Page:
purchases or rollover balances.
Even if the credit card issuer initially offers you an introductory or discounted interest rate, it must disclose the APR that would otherwise apply to the account. For a fixed-rate account, it must disclose the rate that will apply after the introductory rate expires. In a variable-rate account, the card issuer must disclose a rate based on the index or formula applicable to the account.
- "Pre-approved" versus "pre-qualified"
offers.A pre-approved offer generally requires only your
acceptance, typically in writing, but sometimes only verbal, of
A pre-qualified offer differs from a pre-approved offer; it simply means that you have been selected to apply for the credit card. The creditor in a pre-qualified offer typically has not reviewed any information about you or your credit history.
The provisions of the Fair Credit Reporting Act make it even harder to determine if an offer is truly a pre-approved offer. This act specifically allows a lender offering a pre-approved card to verify that you meet the issuer's criteria after acceptance. The issuer is not required to disclose that they will re-verify your status or employment. So, even with a pre-approved solicitation, you can be rejected if there have been changes in your financial picture.
- Pre-approved "up to" a specified credit limit. Many pre-approved credit card solicitations will state that you may qualify for credit "up to" a certain credit limit. Once you respond to the solicitation, the credit card issuer will review your credit history to determine your credit limit, which might be significantly less than what you expect based on the solicitation.
- High fees.Sometimes credit card issuers disclose and assess high up-front fees. These fees might include an annual fee and a card reservation fee, among others. These fees can add up quickly. Imagine your surprise if you were to receive a credit card with a $300 credit limit with $150 in up-front fees charged to your account before you even used the credit card. Fortunately, all the fees must be disclosed, so be careful to read the entire solicitation.
- Secured credit cards versus unsecured credit cards.Most credit cards are unsecured lines of credit; however, some credit card issuers offer secured credit cards. Typically, borrowers with credit history problems will not qualify for unsecured credit cards, making the secured credit cards an attractive option. Issuers of secured credit cards require borrowers to deposit funds to guarantee repayment of the credit card debt. The required deposit usually equals the credit limit on the card, and issuers may pay interest on the deposit. Most secured credit cards carry a higher interest rate than unsecured credit cards.
- Cash advances.Most credit card issuers impose both finance
charges and transaction fees on cash advances. The finance charge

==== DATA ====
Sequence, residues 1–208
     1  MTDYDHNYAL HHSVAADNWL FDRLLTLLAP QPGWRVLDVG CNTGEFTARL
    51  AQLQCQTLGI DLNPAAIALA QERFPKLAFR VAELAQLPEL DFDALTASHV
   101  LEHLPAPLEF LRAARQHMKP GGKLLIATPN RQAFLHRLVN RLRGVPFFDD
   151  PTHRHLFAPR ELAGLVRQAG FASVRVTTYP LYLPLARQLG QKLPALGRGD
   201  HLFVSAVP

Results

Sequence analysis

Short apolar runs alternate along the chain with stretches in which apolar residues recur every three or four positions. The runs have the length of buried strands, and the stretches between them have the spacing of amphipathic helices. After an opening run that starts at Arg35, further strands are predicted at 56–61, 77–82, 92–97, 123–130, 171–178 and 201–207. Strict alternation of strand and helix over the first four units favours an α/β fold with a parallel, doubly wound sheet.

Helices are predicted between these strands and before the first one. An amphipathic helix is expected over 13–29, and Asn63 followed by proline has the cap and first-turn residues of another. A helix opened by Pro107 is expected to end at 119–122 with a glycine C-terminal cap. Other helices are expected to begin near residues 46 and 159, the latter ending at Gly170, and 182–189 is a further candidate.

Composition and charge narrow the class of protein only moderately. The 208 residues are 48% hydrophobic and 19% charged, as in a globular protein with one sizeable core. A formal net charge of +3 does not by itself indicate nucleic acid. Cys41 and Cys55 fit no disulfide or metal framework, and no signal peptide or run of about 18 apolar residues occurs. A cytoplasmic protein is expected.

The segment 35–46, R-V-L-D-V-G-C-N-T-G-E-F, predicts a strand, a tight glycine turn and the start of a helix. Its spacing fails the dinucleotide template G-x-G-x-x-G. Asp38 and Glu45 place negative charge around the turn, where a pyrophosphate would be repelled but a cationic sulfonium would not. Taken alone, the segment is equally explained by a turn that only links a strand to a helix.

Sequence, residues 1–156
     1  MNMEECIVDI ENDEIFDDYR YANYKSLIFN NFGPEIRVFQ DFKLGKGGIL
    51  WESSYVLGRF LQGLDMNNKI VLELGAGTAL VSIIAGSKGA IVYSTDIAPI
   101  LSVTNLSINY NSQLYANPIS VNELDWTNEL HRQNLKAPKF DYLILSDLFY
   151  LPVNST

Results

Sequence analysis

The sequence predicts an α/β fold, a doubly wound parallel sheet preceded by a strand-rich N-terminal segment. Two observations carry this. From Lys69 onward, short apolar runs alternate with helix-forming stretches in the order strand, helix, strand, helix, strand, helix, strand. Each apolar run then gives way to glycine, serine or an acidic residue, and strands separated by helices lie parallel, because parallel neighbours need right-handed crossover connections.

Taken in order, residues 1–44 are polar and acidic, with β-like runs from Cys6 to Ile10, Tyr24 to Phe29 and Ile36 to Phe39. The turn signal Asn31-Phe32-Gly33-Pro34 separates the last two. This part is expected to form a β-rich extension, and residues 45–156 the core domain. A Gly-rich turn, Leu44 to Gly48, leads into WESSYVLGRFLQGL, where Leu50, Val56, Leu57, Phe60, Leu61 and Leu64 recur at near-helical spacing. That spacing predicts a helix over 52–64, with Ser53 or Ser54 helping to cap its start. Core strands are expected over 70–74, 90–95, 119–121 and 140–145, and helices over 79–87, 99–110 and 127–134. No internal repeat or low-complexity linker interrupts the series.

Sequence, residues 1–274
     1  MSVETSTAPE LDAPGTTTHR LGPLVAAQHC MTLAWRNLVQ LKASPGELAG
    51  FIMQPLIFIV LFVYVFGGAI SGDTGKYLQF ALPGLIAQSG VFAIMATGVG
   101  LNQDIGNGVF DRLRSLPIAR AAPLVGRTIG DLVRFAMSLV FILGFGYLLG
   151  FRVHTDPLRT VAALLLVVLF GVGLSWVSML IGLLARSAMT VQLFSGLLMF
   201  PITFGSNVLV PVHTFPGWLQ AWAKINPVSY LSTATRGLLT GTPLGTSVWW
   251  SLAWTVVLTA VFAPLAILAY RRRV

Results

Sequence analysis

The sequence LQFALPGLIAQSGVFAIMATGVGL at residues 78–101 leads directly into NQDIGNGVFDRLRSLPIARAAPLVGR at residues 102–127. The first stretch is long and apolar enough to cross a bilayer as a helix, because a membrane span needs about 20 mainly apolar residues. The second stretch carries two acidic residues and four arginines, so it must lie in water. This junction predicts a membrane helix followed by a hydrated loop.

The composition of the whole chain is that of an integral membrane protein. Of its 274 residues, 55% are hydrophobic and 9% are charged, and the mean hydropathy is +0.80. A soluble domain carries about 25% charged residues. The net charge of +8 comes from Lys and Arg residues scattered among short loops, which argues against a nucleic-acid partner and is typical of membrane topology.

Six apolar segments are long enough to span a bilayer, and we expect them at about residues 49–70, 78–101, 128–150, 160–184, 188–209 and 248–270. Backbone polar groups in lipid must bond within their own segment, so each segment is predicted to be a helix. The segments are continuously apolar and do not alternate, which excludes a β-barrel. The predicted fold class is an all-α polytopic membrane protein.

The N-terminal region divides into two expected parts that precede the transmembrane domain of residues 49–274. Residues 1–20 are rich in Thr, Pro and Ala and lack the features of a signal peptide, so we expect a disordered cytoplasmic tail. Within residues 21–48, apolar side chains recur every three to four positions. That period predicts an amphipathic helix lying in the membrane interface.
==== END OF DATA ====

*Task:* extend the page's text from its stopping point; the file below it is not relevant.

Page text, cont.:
(interest) typically begins accruing from the date of the advance;
there generally is no grace period for cash advances. Further,
a transaction fee, sometimes as much as 2.5 percent of the transaction,
may be charged for the advance.
You should beware of solicitations and advertisements that state "no finance charge" for cash advances. Since the term finance charge only refers to interest, the issuer still might charge a transaction fee for cash advances.
Further complicating your review of credit card solicitations is the presence of unscrupulous lenders. Following are some potentially unscrupulous practices that occasionally are encountered.
- Advance-fee or guaranteed loans.Some credit solicitations or advertisements guarantee that you will get a loan, but require you to pay a fee before you apply for the loan. If a solicitation or advertisement guarantees you a loan, but requires you to pay a fee before applying, there is a strong chance that the offer is not legitimate. Most legitimate lenders will not guarantee you a loan for a fee before receiving an application. Beware of any offers of easy credit.
- "900" or "976" telephone numbers. Some credit solicitations or advertisements state that you can get more information by calling a "900" or "976" telephone number. Some of the solicitations or advertisements do not disclose the cost of these telephone calls; these are most likely to be the offers that are not legitimate. You pay for these telephone calls; sometimes the costs can be quite high. Further, after making the telephone call, you may never receive the credit card.
Follow these rules
You need to be cautious when shopping for a credit card. To avoid any surprises, remember a few simple rules.
First, if the offer seems too good to be true, it probably is not legitimate.
Second, credit card issuers are required to disclose certain terms and conditions at the time of application or when you are sent a pre-approved credit card solicitation. Read the disclosures, including the fine print, before accepting any pre-approved credit card solicitation.
Third, understand how you use a credit card in order to obtain the most cost-effective credit card.
Finally, remember that competition among credit card issuers is fierce and negotiating for a lower interest rate or annual fee might yield results.
Filing a complaint
If you have a problem with your bank regarding your credit card, it is best to try to resolve the complaint directly with the bank. If that is unsuccessful, you have the right to file a complaint against the bank.
To file a complaint, you need to determine the bank's primary federal regulator. If you have received a credit denial notice, the name of the primary federal regulator must be printed on the notice. If you do not have this information, you can conduct an institution search at www.ffiec.gov/nicpubweb/nicweb/nichome.aspx to determine the appropriate regulator to contact. Each regulator has a consumer or customer assistance section to assist you in filing your complaint.
For more information, contact:
Federal Deposit Insurance Corporation
Federal Reserve Board
Office of the Comptroller of the Currency
Office of Thrift Supervision
National Credit Union Administration
Federal Trade Commission